This video shows how to repair the damaged trailing edge of a wooden aircraft propeller using a scarf joint. It also shows how to fiberglass the repair.
Learn what happens during an aircraft rollout from the National Aeronautics and Space Administration, more commonly known as NASA. They spill the goods on Newton's three laws of motion and how they affect the rollout phase of landing airplanes. Learn from the master of space exploration -- NASA!
Learn the basics of airplane landings and how Newton's laws of motion apply. NASA -- the National Aeronautics and Space Administration, gives this quick, informative video on Newton's laws pertaining to aircraft landings, specifically the approach. The powerhouse of space exploration explains all.
Understand the concepts of drag force and how Newton's laws of motion apply to an aircraft's take off with help from NASA -- the National Aeronautics and Space Administration. The juggernaut of space exploration lays everything out on the table for you. Learn from the best, learn from the pros, learn from NASA.
Via Urlesque, "Designed by New Zealand inventor and mechanic Rudy Heema, the fiberglass WIG is all hover, all the time, until it hits 70kph at which point it starts to fly... The auction runs through next Saturday, so act quickly if you want to be ready for church."
The landing method used in this video, crosswind landing, is the method which can be most useful in FSX. There may be better ways to land in this scenario but for this basic tutorial this approach was best. So watch and learn how to crosswind land a plane in Flight Simulator (FXX).
Make your own hot air balloon using only 4 household items, bought from any supermarket for under $10. This balloon will fly for miles.
This video describes the process of inflating a hot air balloon.
Does sitting for hours on end in your office cubicle just make you want to fly away to St. Lucia for a week to bask in the sun? Well, you probably can't do that realistically without taking away from your vacation time, but in the mean time you can fly around virtually using Google Earth's flight simulator.
This is the first of what will surely be a long and detailed series on operating the F-15 Eagle in the simulator Lock-On: Flaming Cliffs. This first one introduces you to the Eagle's radar with off and Range-While-Search modes and their symbology.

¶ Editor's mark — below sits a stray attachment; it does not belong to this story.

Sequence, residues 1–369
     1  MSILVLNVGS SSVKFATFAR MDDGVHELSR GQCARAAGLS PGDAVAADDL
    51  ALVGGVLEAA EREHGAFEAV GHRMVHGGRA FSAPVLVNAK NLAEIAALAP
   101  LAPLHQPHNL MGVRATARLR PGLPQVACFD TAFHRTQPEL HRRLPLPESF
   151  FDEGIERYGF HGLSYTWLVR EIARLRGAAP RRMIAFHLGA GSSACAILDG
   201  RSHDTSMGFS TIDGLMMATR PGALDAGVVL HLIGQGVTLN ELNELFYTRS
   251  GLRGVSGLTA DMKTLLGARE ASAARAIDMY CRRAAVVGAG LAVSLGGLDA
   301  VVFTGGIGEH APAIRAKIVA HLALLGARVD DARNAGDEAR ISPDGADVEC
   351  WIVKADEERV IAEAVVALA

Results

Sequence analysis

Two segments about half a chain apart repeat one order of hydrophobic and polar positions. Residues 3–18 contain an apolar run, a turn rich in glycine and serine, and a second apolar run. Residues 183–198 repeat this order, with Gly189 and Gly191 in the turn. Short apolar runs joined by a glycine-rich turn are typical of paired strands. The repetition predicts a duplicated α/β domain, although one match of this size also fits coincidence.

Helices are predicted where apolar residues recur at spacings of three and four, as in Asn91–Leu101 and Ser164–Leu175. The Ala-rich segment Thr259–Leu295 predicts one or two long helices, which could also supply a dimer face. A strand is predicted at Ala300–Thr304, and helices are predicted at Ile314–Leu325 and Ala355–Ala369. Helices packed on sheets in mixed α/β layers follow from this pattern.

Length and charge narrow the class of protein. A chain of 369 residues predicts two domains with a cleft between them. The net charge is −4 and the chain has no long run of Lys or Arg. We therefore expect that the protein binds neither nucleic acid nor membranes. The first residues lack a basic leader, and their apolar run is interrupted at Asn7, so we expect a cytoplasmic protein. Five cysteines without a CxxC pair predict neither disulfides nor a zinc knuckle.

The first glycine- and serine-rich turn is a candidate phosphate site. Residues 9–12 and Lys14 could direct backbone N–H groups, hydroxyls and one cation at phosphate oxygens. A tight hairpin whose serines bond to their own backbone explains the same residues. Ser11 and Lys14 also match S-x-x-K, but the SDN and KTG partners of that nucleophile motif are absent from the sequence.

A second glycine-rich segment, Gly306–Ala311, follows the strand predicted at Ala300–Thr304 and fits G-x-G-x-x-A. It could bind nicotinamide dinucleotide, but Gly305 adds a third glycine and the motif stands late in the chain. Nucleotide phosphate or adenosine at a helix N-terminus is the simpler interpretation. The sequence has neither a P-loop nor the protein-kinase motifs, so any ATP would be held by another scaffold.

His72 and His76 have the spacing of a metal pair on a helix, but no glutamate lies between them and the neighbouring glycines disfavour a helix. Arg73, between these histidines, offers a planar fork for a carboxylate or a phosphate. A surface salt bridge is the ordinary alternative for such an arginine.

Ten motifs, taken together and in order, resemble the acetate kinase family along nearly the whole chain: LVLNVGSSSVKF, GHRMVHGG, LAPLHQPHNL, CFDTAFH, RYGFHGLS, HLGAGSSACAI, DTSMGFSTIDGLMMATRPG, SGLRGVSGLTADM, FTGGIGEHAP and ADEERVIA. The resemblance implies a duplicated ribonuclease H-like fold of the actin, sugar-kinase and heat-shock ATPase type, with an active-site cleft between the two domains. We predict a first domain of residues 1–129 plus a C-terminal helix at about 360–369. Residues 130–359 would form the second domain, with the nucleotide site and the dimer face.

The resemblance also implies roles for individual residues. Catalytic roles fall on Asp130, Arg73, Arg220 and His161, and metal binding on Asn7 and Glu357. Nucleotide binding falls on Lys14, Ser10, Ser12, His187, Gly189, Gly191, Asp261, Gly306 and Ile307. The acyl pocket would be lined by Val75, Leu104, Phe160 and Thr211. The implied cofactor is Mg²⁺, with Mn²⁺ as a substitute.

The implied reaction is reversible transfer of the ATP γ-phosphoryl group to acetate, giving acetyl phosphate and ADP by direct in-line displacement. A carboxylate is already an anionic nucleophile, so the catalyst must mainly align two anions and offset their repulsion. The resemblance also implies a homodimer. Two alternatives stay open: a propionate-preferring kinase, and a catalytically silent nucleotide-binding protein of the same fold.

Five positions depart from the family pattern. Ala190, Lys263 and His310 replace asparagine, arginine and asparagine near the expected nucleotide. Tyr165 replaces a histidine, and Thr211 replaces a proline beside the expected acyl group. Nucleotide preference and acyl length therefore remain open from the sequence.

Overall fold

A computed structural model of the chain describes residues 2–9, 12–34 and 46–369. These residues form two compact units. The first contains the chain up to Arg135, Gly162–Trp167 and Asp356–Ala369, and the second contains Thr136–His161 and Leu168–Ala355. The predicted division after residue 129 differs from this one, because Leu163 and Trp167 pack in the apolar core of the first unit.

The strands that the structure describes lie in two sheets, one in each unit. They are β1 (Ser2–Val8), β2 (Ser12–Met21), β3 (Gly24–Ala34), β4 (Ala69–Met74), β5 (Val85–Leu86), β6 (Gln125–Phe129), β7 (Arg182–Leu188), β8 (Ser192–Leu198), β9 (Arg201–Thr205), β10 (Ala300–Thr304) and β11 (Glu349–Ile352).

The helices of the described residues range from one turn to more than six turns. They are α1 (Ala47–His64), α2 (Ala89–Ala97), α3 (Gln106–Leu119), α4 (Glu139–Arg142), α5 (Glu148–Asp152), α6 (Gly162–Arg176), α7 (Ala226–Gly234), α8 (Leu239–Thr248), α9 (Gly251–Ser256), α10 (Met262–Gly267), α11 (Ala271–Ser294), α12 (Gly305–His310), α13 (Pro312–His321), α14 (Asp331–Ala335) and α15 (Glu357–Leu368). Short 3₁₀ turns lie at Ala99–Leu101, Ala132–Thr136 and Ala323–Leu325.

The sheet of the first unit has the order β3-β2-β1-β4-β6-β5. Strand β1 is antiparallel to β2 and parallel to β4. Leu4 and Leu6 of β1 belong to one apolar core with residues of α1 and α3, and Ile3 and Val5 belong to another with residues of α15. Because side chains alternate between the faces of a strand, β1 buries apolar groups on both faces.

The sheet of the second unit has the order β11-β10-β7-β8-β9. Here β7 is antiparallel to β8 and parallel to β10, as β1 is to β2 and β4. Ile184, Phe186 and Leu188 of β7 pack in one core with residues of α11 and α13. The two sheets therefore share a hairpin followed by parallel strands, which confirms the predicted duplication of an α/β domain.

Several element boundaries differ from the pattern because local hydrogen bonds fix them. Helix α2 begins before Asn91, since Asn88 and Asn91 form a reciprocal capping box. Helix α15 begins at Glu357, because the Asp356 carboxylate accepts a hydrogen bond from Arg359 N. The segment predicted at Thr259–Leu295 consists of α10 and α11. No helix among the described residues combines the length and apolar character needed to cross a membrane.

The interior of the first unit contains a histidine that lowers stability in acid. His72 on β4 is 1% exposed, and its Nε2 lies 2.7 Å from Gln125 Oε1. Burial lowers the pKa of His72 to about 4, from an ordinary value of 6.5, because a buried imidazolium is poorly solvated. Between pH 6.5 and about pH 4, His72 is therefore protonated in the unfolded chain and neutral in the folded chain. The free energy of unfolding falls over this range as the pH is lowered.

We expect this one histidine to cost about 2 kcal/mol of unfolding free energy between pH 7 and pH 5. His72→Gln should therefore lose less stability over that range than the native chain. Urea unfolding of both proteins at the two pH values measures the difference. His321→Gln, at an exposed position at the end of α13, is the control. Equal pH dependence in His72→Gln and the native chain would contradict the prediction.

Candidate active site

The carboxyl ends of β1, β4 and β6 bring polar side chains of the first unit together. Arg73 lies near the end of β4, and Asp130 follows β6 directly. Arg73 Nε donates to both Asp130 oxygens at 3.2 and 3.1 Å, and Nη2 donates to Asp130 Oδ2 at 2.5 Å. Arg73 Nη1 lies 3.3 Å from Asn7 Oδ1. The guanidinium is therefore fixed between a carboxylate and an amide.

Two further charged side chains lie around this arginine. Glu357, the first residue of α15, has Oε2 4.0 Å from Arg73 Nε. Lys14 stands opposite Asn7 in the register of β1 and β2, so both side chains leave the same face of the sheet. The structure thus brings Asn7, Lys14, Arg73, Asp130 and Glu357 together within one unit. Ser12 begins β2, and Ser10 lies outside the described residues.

This is an FSX tutorial on how to win against a jet truck. This is a flight simulation exercise.
Half the fun in flying any round engine airplane is in the starting. Here's how to start a DC-3.
How a sailplane glider is launched into the air from being towed behind another aircraft (Aerotow). Step 1: Launching a Glider
As of right now, Guinness World Records claims that the highest human flight with a rocket belt is 152 feet, accomplished by Eric Scott in 2004. But they may need to update their records soon thanks to Martin Aircraft Company in New Zealand, whose Martin Jetpack finally showed the world it can fly—really fly.
Looks like Yves Rossy is getting better at flying (his previous stunt sent him plummeting into the Atlantic). Other than some slight initial engine trouble, last week's record breaking aerial loops went off without a hitch. Watch below. Rossy's site states:
A family vacation to Mars might be in the not-too-distant horizon, with the first successful manned solo flight of Virgin Atlantic's VSS Enterprise this past Sunday morning. Taking off from the Mojave Air and Spaceport in California, the commercial spaceship separated from its mothership at an altitude of 45,000 feet, piloted by Pete Siebold and Mike Alsbury for a period of eleven minutes before safe landing.
A major milestone in aviation occurred this past August, when the human-powered Snowbird, an aircraft made of carbon fiber and balsa wood, achieved the first successful flight of its kind.
When flying, having a well constructed flight plan is the key to flying safely and effectively. This video will teach you how to calculate the perfect flight plan, research flight paths, traffic, and calculating fuel flow and flight time. There's so much in this video it'll make your head spin!
Charlie, Willy Wonka and Grandpa Joe's soul-stirring ride in the Wonkavator (Wonka's glass-bottomed elevator) was one of the most magical moments of Charlie and the Chocolate Factory. If you can't recall, here's the scene (ride begins at 3:15): Wonka: An elevator can only go up and down, but the Wonkavator can go sideways, and slantways, and longways, and backways...
In the market for a personal helicopter but anxious about increasing your carbon footprint? Pick up a peroxide-powered single-seater like Avimech International's Dragonfly and chop till you drop. WIRED's Autopia blog reports,
A pilot that earns an instrument rating is a pilot that's mastered his or her flight skills to a level or precision and accuracy needed to safely fly an airplane through clouds, fog, and other adverse weather conditions. While flying in these weather conditions, known as IMC, or instrument meteorological conditions, a pilot is tasked with flying an airplane solely by reference to flight instruments. The pilot needs to be able to go from takeoff to landing, without having any outside visual re...